Have you ever been a victim of medical billing fraud? Medical billing fraud, especially those related to insurance billing are far more common in practices than you would think. There are cases of willful fraud committed as well as those that are committed without even knowing it. In either case, the onus of the fraud and its legal consequences rests on the practice. How can you prevent these from taking place at your practice? Well, here are certain things you can do…
Same Procedure – Same Charge
This is one of the most common mistakes – charging different amounts for the same procedure based on insurance allowed. In order to avoid having to post insurance write-offs on a patients account, healthcare facilities often charge different patients dissimilar amounts for a similar procedure or treatment. Make sure that this practice is avoided at your facility. If you wish to offer a discount to a patient due to their financial hardship, do so by asking the patient to complete a financial hardship form. Remember, every patient needs to be treated the same and must be charged the same amount for the same procedure.
Your heart wants to reduce the amount due from a patient undergoing financial hardship and you waive off the patients copayments – don’t! Your waiving off a patient copayment amounts to medical billing fraud, as it violates your insurance contract. This is also seen as taking unfair advantage over other practices and an attempt to woo patients to your practice. Ask the patient to fill the required form to avail a hardship discount.
You may not be a lawyer, but it is important to know the laws that apply to your practice and follow them to the letter. For example, under the False Claims Act, it is illegal to submit claims for payment to Medicare or Medicaid, which you know, or should know, to be false or fraudulent. Any infringement of this law could lead to hefty fines, repayment of up to three times the amount and also criminal penalties. Another example is the Anti-Kickbacks Act, under which rewarding another physician monetarily for referred patients or receiving gifts or money in return for prescribing certain medicines is punishable under both civil and criminal statute. It makes good sense to be aware of these and other laws – and stay clear of infringing them.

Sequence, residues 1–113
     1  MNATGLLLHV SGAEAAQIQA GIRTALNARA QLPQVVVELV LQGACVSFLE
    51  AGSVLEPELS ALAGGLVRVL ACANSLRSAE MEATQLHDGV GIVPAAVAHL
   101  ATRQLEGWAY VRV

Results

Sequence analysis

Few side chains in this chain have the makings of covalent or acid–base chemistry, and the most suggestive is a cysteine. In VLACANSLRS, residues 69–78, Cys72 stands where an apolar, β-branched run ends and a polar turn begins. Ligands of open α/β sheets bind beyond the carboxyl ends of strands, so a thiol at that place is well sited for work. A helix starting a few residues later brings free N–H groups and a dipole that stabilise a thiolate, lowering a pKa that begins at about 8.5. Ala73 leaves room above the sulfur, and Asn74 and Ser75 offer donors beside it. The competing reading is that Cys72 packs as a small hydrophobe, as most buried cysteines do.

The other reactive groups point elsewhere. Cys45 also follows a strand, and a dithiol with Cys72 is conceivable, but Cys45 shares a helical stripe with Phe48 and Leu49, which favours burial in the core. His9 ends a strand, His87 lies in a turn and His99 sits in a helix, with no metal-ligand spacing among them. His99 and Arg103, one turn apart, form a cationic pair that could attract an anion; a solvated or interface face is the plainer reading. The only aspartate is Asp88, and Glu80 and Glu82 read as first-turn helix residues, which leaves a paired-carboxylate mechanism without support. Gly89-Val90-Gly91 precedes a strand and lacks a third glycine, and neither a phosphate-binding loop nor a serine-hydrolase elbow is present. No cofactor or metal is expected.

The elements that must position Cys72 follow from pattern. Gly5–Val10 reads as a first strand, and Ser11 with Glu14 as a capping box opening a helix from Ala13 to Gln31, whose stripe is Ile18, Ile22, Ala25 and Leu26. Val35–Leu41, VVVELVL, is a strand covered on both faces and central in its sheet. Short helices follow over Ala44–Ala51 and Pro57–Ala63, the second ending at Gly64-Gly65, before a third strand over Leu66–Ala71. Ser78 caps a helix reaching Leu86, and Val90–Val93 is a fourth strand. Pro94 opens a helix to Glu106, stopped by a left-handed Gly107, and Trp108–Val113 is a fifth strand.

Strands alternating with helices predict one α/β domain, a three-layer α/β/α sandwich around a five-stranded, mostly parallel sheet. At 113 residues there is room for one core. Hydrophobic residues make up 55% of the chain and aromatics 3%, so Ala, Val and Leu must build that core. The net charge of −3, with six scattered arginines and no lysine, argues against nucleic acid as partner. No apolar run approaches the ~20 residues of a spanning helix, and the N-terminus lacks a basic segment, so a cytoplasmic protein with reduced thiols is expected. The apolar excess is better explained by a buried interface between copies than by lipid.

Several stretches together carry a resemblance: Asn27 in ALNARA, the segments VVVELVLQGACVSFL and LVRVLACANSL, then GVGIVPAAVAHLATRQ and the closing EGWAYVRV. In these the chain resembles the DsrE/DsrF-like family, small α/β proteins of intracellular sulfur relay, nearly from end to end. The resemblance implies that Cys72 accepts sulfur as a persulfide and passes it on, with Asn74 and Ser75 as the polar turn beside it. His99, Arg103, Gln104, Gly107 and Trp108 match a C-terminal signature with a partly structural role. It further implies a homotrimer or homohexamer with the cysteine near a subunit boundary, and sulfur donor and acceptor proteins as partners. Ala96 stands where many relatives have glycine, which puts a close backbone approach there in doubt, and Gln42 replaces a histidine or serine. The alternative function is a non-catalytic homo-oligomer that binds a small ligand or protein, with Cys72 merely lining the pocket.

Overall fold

Accurate Medical Billing and Coding
Entering the wrong code will likely cause your bill to be rejected. However, depending on the error, it could also be seen as ‘up-coding’ that is billing for a more costly procedure or service than the one provided. It may be a genuine mistake, but the onus will finally fall on you and you will need to prove that this was a mistake and not an intended medical billing fraud. With the implementation of ICD-10, the number of codes has gone up, thus creating more chances of such errors. Double check all bills before they are submitted and ensure that your staff does that too.